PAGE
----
For the past dozen years, most Latin American economies have been run in accord with the so-called Washington Consensus - a collection of free-market economic policies that called for privatizing state enterprise, dropping barriers to trade and investment, and keeping government spending in line with revenue. These reforms have delivered sharply lower inflation, increased exports, and access to international capital, but the real, bottom-line results remain elusive.
Latin America's economies are still plagued by slow and uneven growth, great poverty, and extreme inequality. From 1990 to 1999, the region's economies grew, on average, less than 3 percent a year. That's better than the 1 percent growth of the 1980s, but less than one-half of Latin America's 6 percent average in the 1960s and 1970s, and below what the World Bank estimates is necessary to reduce poverty. It is far short of what free markets were supposed to deliver.
Of 20 Latin American countries, only three - Argentina, Chile, and Peru - grew by more than 5 percent a year during the 1990s, although three others will come close: the Dominican Republic, El Salvador, and Panama. But a disturbing number, including Colombia, Ecuador, Paraguay, and Venezuela, are losing ground. Most Latin Americans are poorer in 2000 than they were in 1980. And Latin America suffers the worst income disparities of any region in the world - with more than half of the region's income going to one-seventh of its people.
Moreover, recent global economic turmoil has revealed Latin America's vulnerability to external shocks. The international crisis which began in Asia in 1997 has been extremely damaging. Indeed, 1999 will be the region's worst in the past 15, with a contraction of more than 2 percent in per capita income and record levels of unemployment. The collapse of the Mexican peso in 1995 also provoked a regionwide slump. It's no wonder that many are asking whether it is time for Latin America to abandon, or at least substantially moderate, its free-market policies.
The core question is whether Latin American nations can effectively manage their economies in a globalized market. Can they take advantage of massive international capital flows seeking investment opportunities, while avoiding economic turbulence and financial shocks? And if Latin America does capture the benefits of foreign trade and investment, will the gains be distributed equitably and the losers protected?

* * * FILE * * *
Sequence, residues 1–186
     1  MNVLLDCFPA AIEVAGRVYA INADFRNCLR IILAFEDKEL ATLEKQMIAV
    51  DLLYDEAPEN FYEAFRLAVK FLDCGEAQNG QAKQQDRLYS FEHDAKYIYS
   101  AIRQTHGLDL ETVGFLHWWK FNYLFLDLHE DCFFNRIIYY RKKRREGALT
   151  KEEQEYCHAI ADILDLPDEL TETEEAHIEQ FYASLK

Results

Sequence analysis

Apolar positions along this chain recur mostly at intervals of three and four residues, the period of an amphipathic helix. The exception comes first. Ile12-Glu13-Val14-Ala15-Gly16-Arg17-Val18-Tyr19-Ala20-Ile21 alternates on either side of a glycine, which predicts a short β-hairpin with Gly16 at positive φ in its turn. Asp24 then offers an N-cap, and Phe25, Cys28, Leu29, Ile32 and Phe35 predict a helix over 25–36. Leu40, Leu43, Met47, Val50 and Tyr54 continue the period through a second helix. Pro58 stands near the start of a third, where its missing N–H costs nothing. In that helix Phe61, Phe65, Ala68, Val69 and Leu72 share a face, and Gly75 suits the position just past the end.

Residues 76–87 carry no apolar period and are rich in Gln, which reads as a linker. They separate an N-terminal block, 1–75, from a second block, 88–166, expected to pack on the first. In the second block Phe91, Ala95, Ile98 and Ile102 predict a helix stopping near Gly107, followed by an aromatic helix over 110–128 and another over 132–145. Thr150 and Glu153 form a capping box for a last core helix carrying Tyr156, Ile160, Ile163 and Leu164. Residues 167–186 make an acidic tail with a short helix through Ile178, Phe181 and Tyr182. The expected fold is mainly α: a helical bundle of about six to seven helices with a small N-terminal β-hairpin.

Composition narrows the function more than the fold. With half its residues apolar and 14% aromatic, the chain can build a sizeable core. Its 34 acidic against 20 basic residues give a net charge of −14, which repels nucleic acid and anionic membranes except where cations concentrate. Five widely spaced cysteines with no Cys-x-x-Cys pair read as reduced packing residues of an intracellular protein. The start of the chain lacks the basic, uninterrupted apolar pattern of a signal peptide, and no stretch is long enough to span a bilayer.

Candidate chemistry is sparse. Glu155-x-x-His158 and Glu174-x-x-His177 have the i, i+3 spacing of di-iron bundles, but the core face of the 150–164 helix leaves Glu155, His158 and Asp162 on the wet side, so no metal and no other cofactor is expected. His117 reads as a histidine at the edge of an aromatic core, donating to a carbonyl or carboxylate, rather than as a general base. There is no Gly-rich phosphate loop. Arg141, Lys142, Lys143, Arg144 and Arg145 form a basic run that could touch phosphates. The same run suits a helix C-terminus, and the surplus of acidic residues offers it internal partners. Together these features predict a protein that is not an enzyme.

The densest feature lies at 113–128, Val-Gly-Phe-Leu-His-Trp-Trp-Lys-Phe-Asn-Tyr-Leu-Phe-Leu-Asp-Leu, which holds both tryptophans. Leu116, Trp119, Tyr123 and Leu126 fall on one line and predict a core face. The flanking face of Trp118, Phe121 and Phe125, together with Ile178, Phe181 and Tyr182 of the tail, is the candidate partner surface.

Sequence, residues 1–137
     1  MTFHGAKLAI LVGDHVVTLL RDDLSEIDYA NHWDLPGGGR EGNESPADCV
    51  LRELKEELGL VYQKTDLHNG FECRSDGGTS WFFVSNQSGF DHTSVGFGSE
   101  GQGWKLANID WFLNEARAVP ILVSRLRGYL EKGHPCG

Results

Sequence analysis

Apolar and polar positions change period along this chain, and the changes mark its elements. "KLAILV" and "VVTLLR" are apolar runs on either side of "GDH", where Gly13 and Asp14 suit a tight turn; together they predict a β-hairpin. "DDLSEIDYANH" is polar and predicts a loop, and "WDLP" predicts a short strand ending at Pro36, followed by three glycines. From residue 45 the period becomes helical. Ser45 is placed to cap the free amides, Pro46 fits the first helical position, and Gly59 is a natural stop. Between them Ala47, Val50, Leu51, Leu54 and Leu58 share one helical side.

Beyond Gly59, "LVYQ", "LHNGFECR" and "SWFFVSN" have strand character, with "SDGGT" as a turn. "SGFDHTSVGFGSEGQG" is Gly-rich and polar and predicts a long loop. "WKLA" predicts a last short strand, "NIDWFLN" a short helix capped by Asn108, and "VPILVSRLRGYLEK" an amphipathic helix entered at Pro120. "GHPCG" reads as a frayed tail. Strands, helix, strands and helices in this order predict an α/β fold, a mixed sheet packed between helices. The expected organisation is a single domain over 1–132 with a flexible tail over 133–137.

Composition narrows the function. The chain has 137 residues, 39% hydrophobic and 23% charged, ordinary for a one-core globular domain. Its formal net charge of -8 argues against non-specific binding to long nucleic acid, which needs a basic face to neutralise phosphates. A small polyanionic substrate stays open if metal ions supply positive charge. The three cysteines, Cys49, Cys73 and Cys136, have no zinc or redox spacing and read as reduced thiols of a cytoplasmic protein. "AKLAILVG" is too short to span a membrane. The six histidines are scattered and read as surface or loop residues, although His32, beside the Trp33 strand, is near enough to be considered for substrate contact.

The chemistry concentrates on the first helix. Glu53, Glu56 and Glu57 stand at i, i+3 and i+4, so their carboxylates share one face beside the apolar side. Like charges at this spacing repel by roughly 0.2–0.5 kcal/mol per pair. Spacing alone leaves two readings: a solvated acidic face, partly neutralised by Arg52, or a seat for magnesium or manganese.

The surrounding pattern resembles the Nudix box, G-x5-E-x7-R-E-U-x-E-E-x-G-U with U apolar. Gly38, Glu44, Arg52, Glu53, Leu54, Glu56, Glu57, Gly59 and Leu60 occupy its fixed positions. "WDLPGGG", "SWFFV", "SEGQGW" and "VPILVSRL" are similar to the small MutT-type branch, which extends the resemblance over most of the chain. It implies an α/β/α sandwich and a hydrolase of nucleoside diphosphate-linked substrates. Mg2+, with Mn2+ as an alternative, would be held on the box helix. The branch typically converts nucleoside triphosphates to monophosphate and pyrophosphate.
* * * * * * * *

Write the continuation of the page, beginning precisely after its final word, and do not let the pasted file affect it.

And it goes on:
Most Latin American political leaders and financial managers are betting their countries can compete globally. They're resisting the populist temptations that have often plunged Latin America's economies into crisis. They're trying to control spending and collect more taxes. Nowhere is there serious discussion of renationalizing privatized enterprises, reimposing high tariff barriers, or shutting out foreign investment. Even President Hugo Chavez of Venezuela, who has denounced "savage market capitalism," has not strayed from market orthodoxy. The governments of Argentina, Brazil, Chile, and Colombia, all battered by economic recessions, have stuck with market policies despite eroding public support.
Latin America has no choice but to stay enmeshed in the global economy. Foreign capital from trade, investment, and borrowing is essential for rapid and sustained economic growth - and that growth provides the only hope for addressing poverty and inequality.
No developing country can fully defend itself against global economic upheaval. But it's possible to limit the damage and hasten recovery - by making sure financial institutions are well managed and regulated, public agencies are accountable and transparent, deficits and imbalances are kept in check, and the poor are provided some cushion against the fallout.
Economic reforms need to be deepened, not discarded; dramatic improvements are required in labor legislation, tax policies, pension programs, and educational and judicial systems. The recent global crisis has cost Latin America dearly. The price, however, would have been far higher if the region's economies had not been shielded by a dozen years of policy and institutional reform.
Despite Latin America's lackluster economic and social performance this decade, the right choice for the region's governments is to stick with their market-reform programs.
*Peter Hakim is president of Inter-American Dialogue, in Washington. This month's column is drawn from the Dialogue's recent report on hemispheric affairs, 'The Americas at the Millennium: A Time of Testing.'
(c) Copyright 1999. The Christian Science Publishing Society